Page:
[¶11] The district court had jurisdiction under N.D. Const. art. VI, § 8, and N.D.C.C. §§ 27-05-06 and 32-34-01. Eichhorn's appeal was timely under N.D.R.App.P. 4(a). This Court has jurisdiction under N.D. Const. art. VI, § 6, and N.D.C.C. §§ 28-27-01 and 28-27-02.
[¶12] Eichhorn argues the district court erred in allowing the District to intervene in this mandamus action under N.D.R.Civ.P. 24(a), which governs a party's intervention as a matter of right, and states:
Upon timely application anyone must be permitted to intervene in an action if: (i) a statute confers an unconditional right to intervene; or (ii) the applicant claims an interest relating to the property or transaction that is the subject of the action and the applicant is so situated that the disposition of the action may as a practical matter impair or impede the applicant's ability to protect that interest, unless the applicant's interest is adequately represented by existing parties.
[¶13] In considering whether a party may intervene in an action as a matter of right under N.D.R.Civ.P. 24(a), we review any findings of fact made by the district court under the clearly erroneous standard of review in N.D.R.Civ.P. 52(a). See State v. Family Life Servs., Inc., 1997 ND 37, ¶ 6, 560 N.W.2d 526. However, the ultimate question whether a party has a right to intervene is a question of law that is fully reviewable on appeal. See id.; Fisher v. Fisher, 546 N.W.2d 354, 355 (N.D. 1996). Intervention has historically been liberally granted in North Dakota. See Braatelien v. Burns, 74 N.D. 29, 32, 19 N.W.2d 827, 828 (1945).
[¶14] Here, the district court specifically found: "Although [Eichhorn] argues that the Culvert Site [in the northeast corner of Section 13] is independent of Drain #65, the state engineer has clearly indicated the impact of a new culvert will cause the flow of water to enter into the drain which [the District] is mandated to maintain." The court also quoted from the November 2001 letter from State Engineer Frink to Eichhorn, which stated: "The drainage pattern in this area has been altered. Richland County Drain #65, located one mile west of the site, intercepts much of the runoff that would have naturally flowed to this area." The court concluded, because the District has a statutory obligation to maintain Drain 65, it "logically follows" that the District has an interest in the flow patterns which might affect the drain, and the alternative plans contemplated by the state engineer's letters would affect Drain 65.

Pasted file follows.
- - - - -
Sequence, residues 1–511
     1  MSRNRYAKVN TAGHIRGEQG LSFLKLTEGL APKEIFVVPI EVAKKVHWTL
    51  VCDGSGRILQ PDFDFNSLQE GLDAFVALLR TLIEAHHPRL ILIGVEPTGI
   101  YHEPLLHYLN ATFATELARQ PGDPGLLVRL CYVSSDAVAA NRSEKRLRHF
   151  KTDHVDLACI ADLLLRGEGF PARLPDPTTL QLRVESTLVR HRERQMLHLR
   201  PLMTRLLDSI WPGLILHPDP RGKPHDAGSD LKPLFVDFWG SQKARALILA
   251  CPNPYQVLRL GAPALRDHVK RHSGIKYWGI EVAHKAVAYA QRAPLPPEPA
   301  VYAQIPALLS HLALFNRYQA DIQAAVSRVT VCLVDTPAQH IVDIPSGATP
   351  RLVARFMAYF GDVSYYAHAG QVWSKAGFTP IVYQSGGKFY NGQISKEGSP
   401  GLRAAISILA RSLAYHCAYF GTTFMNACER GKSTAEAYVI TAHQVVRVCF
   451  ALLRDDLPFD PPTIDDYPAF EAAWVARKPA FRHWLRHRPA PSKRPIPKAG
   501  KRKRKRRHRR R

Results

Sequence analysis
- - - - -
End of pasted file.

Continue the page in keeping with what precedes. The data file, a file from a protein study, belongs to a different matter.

[¶15] Although Eichhorn argues the District had no right to intervene in this mandamus action and its interests would be adequately represented by the Township, we agree with the district court's analysis in permitting the District to intervene. The lateral drain to Drain 65 runs along the northern edge of section 13, and changing the culvert in the northeast corner of section 13 would likely affect the water flow involving Drain 65. The District has jurisdiction of Drain 65 and its drainage area, and the District is required to maintain the drains within its jurisdiction, particularly when laid within the limits of a public road. Section 61-16.1-42, N.D.C.C., which permits drains to "be laid along, within the limits of, or across any public road or highway," states: "In instances where drains are laid along or within the rights of way of roads or highways, the drains shall be maintained and kept open by and at the expense of the water resource district concerned." See also N.D.C.C. § 61-21-31.
[¶16] The district court properly concluded the District has an interest relating to the "property or transaction that is the subject of the action" under N.D.R.Civ.P. 24(a), and the District is so situated that the disposition of the action may as a practical matter impair or impede its ability to protect that interest. As a matter of law, we conclude the District has a right to intervene in this action, and the district court did not err in permitting the intervention.
[¶17] Eichhorn argues the district court erred in denying his petition for a writ of mandamus.
[¶18] Section 32-34-01, N.D.C.C., governs the issuance of a writ of mandamus, and provides:
The writ of mandamus may be issued by the supreme and district courts to any inferior tribunal, corporation, board, or person to compel the performance of an act which the law specially enjoins as a duty resulting from an office, trust, or station . . . .